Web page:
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The Apprentice: Los Angeles, Weekly Performance Review, Episode 2Page 2
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Michelle: Michelle has dug herself a big hole with her teammates. When she didn’t support Carey’s pink swimsuit, she was proven correct, and I consider it a positive that she made her point so clearly. However, Carey’s response was essentially that he shushed her. What’s worse, no one else spoke up despite feeling the same way.
The second disagreement was a worse one for Michelle, when she chose not to voice an opinion about pricing because she hadn’t been working on the pricing aspect of the project. She was correct to made her point known that her opinions were uninformed ones. Nonetheless, when the entire team is pressing you hard for a response, however “qualified” you make it, a response must be forthcoming. As it played out, she appeared to the rest of her team to be shirking responsibility and prematurely building a Boardroom defense.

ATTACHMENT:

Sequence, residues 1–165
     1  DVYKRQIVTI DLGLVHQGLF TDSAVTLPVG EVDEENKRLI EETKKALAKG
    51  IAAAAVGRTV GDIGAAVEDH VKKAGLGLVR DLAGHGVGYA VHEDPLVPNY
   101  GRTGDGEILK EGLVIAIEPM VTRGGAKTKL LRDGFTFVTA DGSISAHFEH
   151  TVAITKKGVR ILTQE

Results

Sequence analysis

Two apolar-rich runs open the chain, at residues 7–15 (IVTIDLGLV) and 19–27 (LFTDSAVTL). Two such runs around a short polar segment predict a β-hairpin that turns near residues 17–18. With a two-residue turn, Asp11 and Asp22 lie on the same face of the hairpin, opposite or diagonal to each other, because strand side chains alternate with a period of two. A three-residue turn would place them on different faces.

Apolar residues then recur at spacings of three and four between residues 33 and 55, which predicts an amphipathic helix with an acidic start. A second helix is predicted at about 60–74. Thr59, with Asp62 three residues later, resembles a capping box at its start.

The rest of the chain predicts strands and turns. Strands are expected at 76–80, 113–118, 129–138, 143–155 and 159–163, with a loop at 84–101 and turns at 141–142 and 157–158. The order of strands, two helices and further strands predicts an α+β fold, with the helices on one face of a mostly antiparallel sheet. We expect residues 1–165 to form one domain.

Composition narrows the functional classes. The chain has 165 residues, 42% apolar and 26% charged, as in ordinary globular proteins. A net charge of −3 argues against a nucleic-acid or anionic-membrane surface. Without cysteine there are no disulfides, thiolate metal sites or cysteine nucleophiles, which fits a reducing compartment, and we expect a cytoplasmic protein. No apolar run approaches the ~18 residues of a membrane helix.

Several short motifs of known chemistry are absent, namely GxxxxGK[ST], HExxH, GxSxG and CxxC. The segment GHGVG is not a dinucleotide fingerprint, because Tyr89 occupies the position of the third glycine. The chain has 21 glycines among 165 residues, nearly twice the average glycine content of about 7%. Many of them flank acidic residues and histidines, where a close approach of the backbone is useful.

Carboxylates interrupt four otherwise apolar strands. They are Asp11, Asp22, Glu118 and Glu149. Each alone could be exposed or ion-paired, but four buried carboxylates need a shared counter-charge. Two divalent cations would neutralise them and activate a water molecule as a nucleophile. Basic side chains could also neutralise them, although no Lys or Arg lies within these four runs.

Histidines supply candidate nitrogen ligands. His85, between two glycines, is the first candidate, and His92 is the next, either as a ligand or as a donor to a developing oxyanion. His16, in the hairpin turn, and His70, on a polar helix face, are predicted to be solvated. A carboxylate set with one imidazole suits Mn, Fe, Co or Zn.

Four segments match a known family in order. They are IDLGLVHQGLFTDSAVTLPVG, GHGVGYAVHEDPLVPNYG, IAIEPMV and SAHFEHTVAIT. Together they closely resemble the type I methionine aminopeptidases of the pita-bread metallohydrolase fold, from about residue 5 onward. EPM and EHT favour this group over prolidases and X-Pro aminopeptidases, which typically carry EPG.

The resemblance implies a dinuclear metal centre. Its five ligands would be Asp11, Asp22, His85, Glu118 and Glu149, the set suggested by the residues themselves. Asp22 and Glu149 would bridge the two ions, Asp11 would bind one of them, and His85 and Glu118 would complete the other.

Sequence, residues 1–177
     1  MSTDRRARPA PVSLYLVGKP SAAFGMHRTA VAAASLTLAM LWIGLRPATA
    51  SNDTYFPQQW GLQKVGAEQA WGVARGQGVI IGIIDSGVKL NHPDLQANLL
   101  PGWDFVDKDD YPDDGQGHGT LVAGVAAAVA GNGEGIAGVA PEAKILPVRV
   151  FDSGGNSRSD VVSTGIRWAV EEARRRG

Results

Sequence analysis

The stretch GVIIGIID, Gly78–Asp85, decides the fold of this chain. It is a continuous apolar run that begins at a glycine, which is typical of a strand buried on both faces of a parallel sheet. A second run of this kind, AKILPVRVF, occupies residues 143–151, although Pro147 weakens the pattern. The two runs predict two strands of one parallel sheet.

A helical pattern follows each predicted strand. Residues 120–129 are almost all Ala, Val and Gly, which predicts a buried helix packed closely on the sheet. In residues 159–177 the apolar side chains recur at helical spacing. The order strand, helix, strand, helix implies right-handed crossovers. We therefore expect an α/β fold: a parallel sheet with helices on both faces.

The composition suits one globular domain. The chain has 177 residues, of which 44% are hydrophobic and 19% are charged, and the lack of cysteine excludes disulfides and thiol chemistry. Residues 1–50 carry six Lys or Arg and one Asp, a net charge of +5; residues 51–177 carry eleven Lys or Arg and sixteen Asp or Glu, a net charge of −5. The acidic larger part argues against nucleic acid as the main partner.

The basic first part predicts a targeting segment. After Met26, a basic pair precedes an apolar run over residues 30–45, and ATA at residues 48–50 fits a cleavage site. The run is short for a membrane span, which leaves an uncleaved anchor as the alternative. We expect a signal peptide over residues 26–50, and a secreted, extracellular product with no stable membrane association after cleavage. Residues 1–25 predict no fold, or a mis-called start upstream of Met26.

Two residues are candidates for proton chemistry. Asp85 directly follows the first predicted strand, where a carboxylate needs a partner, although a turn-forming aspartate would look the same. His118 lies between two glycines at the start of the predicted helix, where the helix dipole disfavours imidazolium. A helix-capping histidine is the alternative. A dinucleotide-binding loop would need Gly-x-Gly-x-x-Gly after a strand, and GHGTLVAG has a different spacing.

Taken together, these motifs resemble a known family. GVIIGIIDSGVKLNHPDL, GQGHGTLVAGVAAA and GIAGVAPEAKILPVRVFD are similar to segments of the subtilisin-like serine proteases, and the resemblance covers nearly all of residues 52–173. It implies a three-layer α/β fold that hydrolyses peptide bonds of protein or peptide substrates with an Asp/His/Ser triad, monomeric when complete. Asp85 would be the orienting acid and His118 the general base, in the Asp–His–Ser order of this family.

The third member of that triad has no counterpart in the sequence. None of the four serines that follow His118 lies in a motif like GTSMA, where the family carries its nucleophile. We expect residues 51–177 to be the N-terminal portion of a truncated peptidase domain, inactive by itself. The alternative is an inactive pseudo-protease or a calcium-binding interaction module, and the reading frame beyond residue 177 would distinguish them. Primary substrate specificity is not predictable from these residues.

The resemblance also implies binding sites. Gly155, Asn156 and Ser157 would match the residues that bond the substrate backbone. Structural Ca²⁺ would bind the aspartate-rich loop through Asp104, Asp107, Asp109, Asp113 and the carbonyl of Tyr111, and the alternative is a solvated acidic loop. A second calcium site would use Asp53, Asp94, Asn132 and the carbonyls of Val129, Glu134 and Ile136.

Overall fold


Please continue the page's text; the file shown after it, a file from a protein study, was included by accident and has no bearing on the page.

In the Boardroom, Trump identified Michelle as having “a lousy personality.” Ivanka added that she was “a weak link,” and The Donald added the shot, “But other than that, you’re doing great, Michelle.” Those kind of perceptions by those ultimately responsible for the hiring will keep her from becoming the The Apprentice: Los Angeles.
I have the impression there must be more to the team’s negative feelings about Michelle that we didn’t see. Maybe it will be in the Yahoo clips? Two teammates even named her to be fired over two more realistic targets. For now, her rating must be NEEDS IMPROVEMENT, because rightly or wrongly, her co-workers and the Trumps think poorly of her and she needs to take immediate steps to project a more positive image.
Nicole: I like how Nicole got working on the task right away. It was obvious that Carey and Michelle knew this designer’s work, and (I think) both were assigned design tasks.
Nicole is a likeable person so it’s not a big surprise that she described her management style as, “To make sure that everybody is so happy that they give it their all.” Now, people pretty much do seem to like her and they even accept working FOR her. But in this show, relationships are not permanent and “benevolent dictator” is as open and friendly as one really ought to get. In actual fact, we saw that team members questioned decisions along the way in cameo interviews, but never brought them up to the team or the PM.